The Miocene was followed by the Pliocene/Pleistocene with crushing continental ice sheets, a paucity of CO2, struggling plants and animals, mass extinctions, enormous deserts, multi-millennial droughts, global dust storms, and challenges to Life Itself. A neo-chimp with learning skills managed to eke out an existence by adapting to eating almost anything, if it was cooked, and thereby withstood the challenges, barely. Vicissitude (not necessity) is the mother of invention, and vicissitudes abounded in the Pleistocene.

The Holocene is a brief respite, a rare interglacial hiatus, because we’re still enmeshed in the Pleistocene. It’s sad, tragic even, that the Miocene ended. If we could resuscitate it, then we should. Warmer Is Better.

John Tillman
Reply to  Mike Dubrasich
July 11, 2021 9:05 pm

Our great ape ancestors enjoyed the Miocene, with a greatly expanded range over today’s.

bonbon
July 12, 2021 3:37 am

A degree in religion, sure the religion of Parson Malthus, who’s church is head today by QEII.
A look at https://en.wikipedia.org/wiki/Thomas_Robert_Malthus
shows he was a Ninth Wrangler in Mathematics.
See https://en.wikipedia.org/wiki/An_Essay_on_the_Principle_of_Population for Malthus on religion.

His Essay is the original modelling escapade gone to the dogs. All the later models are religiously cloned from this Wrangler of Cambridge.
In 1805, Malthus became Professor of History and Political Economy at the East India Company College . His students affectionately referred to him as “Pop”, “Population”, or “web-toe” Malthus. This is the very seat of Adam Smith, the often adored ‘economist’ by Marx and capitalists alike.
A look at Adam Smith, so revered today, shows the religiosity rampant in Woke and ‘conservative’ alike.
Time to abandon Neo-feudal economic mysticism, and have a look at

The National System of Political Economyhttps://archive.org/details/NationalSystemOfPoliticalEconomyFriedrichList

where the American System (rarely understood today) is contrasted with the Adam Smith stuff.
Refreshing separation of church and state!

bonbon
Reply to  bonbon
July 12, 2021 4:36 am
Sara
July 12, 2021 5:41 am

“the Eocene ranks lower than the Pleistocene for sheer lack of woolly mammoths and Neanderthals.” – idjit statement from Schmertz.

He’s ignoring the very real evidence of a multitude of hominids, including the Denisovans (last seen about 200,000 years ago, probably overwhelmed by Cro Magnons), who were gracile and walked upright and knew how to hunt. They built campfires where they prepped the prey they had killed and taught their young ones how to use hunting weapons like javelins. And they are NOT the only ones like that group of hominids.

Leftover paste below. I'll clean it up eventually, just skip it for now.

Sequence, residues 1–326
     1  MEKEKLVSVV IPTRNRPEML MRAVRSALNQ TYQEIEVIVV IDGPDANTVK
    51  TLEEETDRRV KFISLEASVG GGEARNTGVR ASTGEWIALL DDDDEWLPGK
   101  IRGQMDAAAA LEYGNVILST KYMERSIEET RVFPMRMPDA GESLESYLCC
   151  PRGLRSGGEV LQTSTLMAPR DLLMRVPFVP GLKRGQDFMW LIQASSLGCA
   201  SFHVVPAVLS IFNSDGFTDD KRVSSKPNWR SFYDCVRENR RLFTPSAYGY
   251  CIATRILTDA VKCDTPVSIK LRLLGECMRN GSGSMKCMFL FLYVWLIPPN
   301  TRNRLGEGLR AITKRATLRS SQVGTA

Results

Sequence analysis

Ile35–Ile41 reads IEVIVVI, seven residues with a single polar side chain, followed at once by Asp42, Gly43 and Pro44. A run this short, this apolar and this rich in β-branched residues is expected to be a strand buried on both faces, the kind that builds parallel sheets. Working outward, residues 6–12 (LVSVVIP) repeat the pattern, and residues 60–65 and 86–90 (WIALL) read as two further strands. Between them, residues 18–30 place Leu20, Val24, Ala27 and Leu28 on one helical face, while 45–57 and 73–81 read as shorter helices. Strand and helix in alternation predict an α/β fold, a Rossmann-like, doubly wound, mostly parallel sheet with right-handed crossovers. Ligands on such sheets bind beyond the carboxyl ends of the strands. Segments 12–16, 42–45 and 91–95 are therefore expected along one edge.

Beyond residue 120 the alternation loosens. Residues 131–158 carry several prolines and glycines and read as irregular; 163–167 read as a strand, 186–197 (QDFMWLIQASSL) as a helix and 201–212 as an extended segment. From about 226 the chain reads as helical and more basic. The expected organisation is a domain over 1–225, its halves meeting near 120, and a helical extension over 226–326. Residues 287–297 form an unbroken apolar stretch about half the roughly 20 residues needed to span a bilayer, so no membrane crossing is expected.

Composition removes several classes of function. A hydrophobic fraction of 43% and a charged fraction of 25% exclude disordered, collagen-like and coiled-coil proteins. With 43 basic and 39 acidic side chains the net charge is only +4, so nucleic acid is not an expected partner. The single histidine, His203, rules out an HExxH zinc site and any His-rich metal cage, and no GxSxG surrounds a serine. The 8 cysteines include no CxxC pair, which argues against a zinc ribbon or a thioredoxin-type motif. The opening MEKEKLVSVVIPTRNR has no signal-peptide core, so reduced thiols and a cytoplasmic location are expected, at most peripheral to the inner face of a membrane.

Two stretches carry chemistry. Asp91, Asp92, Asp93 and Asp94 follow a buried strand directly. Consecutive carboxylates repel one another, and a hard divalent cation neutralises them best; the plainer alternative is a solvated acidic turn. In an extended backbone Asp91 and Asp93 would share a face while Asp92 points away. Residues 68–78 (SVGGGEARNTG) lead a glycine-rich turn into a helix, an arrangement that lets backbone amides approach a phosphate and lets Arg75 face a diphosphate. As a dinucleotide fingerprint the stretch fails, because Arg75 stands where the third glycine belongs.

What a sorry, narrow, limited view of the past this uninformed idjit must have.

Bruce Cobb
July 12, 2021 7:04 am

We live during the Retardocene. Witness the Alarmists flapping their gums about a non-existent “climate crisis”, and their attempts at destroying economies worldwide, making everyone poorer in the process. Governments, NGOs, science organizations, “scientists”, schools etc. have all gone full retard.
Imagine, if you will, that it’s around the year 2050. Climate hysteria is long gone, and in fact, the climate has reverted to one more resembling the LIA. The Retardocene will be regarded as the period of time between around 1990 to 2030 (or perhaps earlier). Of course, the groundwork for the Retardocence will have been laid earlier, and its tenacious grip on humanity will not vanish overnight. The slight warmup period after the LIA, covering some 150 years along with the concurrent rise in CO2 will be correctly viewed as entirely beneficial to man, and to nature. Of course some retards will always claim the opposite. They will be relegated to the role of flat-earthers, and be either laughed at or ignored.

TonyG
July 12, 2021 8:55 am

So his pristine untarnished world where “At one point, the recent northern glaciers reached as far south as Manhattan.” is preferable to the present?

Or does he prefer the the “great times” of the Eocene where CO2 and temperatures were higher than today?

From that chart it looks like both CO2 and temperatures are a lot lower than they’ve been in the past, so what really is the problem?

Clyde Spencer
Reply to  TonyG
July 12, 2021 11:10 am

He seems unaware that the glaciers reached southern Ohio. They probably didn’t teach that in his religious studies.

%d bloggers like this: